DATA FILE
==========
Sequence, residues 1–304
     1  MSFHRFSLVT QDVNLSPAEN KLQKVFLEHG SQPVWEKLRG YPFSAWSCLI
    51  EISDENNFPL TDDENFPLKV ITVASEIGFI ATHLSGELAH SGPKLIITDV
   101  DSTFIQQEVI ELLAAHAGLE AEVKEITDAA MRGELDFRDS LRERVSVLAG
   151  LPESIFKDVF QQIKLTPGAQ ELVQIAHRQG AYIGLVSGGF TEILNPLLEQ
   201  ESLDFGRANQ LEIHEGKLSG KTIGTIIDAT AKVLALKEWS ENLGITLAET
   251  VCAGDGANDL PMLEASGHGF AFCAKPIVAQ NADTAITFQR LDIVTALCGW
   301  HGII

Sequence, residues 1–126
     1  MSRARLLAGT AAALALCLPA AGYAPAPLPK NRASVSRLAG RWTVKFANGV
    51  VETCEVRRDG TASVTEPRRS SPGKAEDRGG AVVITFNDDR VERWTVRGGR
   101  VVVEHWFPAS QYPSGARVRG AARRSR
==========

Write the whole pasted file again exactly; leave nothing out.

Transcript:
Sequence, residues 1–304
     1  MSFHRFSLVT QDVNLSPAEN KLQKVFLEHG SQPVWEKLRG YPFSAWSCLI
    51  EISDENNFPL TDDENFPLKV ITVASEIGFI ATHLSGELAH SGPKLIITDV
   101  DSTFIQQEVI ELLAAHAGLE AEVKEITDAA MRGELDFRDS LRERVSVLAG
   151  LPESIFKDVF QQIKLTPGAQ ELVQIAHRQG AYIGLVSGGF TEILNPLLEQ
   201  ESLDFGRANQ LEIHEGKLSG KTIGTIIDAT AKVLALKEWS ENLGITLAET
   251  VCAGDGANDL PMLEASGHGF AFCAKPIVAQ NADTAITFQR LDIVTALCGW
   301  HGII

Sequence, residues 1–126
     1  MSRARLLAGT AAALALCLPA AGYAPAPLPK NRASVSRLAG RWTVKFANGV
    51  VETCEVRRDG TASVTEPRRS SPGKAEDRGG AVVITFNDDR VERWTVRGGR
   101  VVVEHWFPAS QYPSGARVRG AARRSR